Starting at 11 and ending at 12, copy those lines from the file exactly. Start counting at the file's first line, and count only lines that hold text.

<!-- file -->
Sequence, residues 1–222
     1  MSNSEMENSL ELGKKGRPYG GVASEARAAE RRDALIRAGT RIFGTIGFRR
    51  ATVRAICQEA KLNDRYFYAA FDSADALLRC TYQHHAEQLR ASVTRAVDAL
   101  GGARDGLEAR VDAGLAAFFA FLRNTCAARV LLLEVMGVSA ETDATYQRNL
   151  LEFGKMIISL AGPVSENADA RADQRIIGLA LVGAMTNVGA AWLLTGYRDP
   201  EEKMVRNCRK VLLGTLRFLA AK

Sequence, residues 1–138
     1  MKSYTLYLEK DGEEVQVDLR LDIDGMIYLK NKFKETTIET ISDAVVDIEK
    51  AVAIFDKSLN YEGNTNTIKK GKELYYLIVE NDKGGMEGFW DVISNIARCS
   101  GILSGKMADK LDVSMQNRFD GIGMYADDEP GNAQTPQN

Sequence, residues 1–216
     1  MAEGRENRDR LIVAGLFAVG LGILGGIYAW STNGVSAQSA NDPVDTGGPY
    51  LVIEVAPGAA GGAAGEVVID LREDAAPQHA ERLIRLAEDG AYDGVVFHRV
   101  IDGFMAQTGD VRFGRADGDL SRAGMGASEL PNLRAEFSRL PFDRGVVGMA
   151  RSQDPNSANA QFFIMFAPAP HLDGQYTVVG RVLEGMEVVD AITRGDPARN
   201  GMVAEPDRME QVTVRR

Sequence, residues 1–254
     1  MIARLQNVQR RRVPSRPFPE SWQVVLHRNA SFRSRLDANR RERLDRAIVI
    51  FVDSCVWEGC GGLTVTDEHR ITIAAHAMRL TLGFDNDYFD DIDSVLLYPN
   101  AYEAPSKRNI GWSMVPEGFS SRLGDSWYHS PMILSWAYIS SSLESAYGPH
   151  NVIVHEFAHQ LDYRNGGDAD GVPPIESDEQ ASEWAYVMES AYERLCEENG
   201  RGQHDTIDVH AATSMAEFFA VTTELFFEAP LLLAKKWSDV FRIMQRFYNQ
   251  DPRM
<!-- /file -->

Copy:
Sequence, residues 1–216
     1  MAEGRENRDR LIVAGLFAVG LGILGGIYAW STNGVSAQSA NDPVDTGGPY